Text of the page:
The main human influence on the climate comes from the emission of greenhouse gases (GHG) into the atmosphere, such as carbon dioxide, methane and nitrous oxide. The global debate on mitigation of climate change focuses on the level of future climate change that might be considered tolerable, the emission reductions from current business-as-usual emission trends that could achieve this, and the feasibility of these emissions reductions. This area of the AVOID 2 research programme focuses on the quantitative link between emissions and future global warming and enables estimates to be made of the probability of various amounts of future warming for given hypothetical emissions pathways.
What do we already know?
The relationship between emissions of greenhouse gases and future global average warming is uncertain and depends on key parameters such as a measure of climate sensitivity and the strength of climate-carbon cycle feedbacks. Working Group I of the most recent IPCC assessment established that the sensitivity of the climate to changes in radiative forcing is still a major uncertainty but reported several different ways to estimate the uncertainty, all giving somewhat different answers. For a given emissions pathway, these will lead to different estimates of the risk of warming exceeding levels such as 2°C, however the IPCC Working Group III assessment only focused on a single uncertainty estimate for climate sensitivity. Another development of IPCC Working Group I was to catalogue the current estimates of the strength of several additional earth system feedbacks, such as the effect of carbon released from thawing permafrost, but the impact of these on the emissions pathways compatible with a given temperature target was not considered. Therefore, although the IPCC fifth assessment provided an improvement in understanding of feedbacks it left open many key questions around the implications for mitigation.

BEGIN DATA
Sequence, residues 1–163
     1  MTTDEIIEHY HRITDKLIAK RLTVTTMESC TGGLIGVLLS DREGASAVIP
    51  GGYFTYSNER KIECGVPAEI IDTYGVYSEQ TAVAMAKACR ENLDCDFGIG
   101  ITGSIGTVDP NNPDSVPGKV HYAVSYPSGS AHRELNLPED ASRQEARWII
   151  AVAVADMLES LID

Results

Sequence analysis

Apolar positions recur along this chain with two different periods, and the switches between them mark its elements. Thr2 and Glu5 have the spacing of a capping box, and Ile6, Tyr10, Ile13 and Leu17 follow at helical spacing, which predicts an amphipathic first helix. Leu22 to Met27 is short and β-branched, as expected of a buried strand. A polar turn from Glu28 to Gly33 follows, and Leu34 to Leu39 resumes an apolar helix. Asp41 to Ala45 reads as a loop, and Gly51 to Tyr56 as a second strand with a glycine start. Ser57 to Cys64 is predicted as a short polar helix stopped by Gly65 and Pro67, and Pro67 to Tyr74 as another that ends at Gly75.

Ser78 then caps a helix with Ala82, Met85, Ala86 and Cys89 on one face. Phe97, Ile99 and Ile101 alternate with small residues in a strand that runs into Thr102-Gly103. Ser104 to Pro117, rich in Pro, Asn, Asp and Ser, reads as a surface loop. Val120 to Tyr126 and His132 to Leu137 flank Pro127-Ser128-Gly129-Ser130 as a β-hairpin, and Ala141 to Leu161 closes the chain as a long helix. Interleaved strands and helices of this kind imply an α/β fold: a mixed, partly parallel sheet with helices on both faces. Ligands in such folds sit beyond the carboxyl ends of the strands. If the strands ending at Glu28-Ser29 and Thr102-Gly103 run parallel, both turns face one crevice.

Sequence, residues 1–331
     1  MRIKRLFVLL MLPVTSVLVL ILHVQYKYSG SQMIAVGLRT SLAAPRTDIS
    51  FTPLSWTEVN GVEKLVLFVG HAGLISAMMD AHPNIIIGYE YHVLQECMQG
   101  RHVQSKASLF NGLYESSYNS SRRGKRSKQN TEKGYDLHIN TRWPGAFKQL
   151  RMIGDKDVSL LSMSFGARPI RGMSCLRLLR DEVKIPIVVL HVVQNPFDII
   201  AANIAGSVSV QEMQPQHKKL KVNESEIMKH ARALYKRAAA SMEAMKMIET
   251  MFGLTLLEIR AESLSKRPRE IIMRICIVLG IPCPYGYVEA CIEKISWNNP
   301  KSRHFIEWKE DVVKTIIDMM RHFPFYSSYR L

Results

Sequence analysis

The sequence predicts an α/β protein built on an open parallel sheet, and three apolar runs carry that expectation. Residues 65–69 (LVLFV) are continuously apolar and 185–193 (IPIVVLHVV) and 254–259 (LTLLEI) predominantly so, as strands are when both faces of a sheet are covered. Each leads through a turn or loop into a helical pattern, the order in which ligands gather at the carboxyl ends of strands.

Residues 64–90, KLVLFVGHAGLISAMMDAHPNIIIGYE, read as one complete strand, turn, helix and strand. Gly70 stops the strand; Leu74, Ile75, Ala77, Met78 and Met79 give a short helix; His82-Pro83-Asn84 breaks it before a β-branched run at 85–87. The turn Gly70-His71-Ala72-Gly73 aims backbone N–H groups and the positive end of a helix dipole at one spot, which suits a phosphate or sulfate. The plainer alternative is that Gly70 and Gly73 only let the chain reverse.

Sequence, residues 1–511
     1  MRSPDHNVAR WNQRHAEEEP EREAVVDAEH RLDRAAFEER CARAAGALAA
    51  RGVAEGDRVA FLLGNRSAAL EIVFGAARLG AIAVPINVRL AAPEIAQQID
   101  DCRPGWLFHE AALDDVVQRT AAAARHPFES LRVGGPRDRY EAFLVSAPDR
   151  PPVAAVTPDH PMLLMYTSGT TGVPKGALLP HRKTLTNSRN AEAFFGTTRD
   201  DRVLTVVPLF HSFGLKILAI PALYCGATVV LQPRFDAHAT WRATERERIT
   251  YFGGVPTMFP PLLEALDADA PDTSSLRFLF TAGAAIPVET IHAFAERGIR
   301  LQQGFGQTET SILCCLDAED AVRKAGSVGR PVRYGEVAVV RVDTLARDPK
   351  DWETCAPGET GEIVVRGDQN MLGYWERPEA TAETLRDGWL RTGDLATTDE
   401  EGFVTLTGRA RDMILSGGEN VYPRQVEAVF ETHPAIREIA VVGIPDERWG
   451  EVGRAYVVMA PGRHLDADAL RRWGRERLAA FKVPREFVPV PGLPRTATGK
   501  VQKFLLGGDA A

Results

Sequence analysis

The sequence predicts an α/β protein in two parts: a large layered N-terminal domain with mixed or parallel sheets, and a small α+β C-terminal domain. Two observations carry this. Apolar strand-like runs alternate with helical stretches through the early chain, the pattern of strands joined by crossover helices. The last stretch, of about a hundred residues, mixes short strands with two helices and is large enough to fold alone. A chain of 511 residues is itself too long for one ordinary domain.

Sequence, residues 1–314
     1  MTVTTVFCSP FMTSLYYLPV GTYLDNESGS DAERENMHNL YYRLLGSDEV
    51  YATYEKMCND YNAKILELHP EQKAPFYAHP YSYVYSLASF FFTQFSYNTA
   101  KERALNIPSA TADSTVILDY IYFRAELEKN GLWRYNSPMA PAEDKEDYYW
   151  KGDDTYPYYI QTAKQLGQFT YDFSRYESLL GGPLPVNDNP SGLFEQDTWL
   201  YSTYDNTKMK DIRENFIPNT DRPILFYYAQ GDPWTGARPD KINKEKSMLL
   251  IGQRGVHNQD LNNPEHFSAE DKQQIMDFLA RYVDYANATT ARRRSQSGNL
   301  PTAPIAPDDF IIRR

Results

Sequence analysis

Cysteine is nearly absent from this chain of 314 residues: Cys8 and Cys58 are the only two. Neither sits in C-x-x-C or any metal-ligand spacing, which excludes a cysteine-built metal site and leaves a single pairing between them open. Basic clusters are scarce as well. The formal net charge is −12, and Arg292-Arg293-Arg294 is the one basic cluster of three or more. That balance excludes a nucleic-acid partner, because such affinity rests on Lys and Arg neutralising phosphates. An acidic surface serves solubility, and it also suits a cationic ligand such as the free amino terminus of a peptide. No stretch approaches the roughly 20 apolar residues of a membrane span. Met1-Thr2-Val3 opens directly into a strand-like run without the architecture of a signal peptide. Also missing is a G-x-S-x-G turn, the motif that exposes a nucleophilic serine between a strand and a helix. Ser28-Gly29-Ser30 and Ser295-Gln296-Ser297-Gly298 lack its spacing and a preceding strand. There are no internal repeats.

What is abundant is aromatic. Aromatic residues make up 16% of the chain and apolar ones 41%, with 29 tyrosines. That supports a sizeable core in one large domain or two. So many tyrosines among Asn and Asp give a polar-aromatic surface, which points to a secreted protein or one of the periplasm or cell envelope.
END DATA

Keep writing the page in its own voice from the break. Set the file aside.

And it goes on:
What will this research achieve?
Firstly this work will reprocess the IPCC’s working group III database of emissions pathways to take account of key climate science uncertainties that were not adequately included. Secondly, the work will be extended to include new emissions pathways developed in AVOID work package C. Additional work will focus on giving regional rather than global projections using more sophisticated climate models, and providing a better understanding of the physical constraints on, so called, overshoot scenarios. These overshoot pathways seek to lower mitigation costs by allowing concentrations of greenhouse gases, and sometimes temperature, to temporarily exceed the eventual target level. A new novel approach will also look at early detection of the benefits of mitigation.
What is the policy relevance?
This work will contribute to the evidence around the choice of long-term climate goals, which is under discussion through the UNFCCC Subsidiary Body for Scientific and Technological Advice (SBSTA) as part of a structured expert dialogue. Additionally it will provide new quantification of the range of human driven greenhouse gas emissions compatible with different long-term temperature targets, which remains a central aspect of the UNFCCC climate negotiations.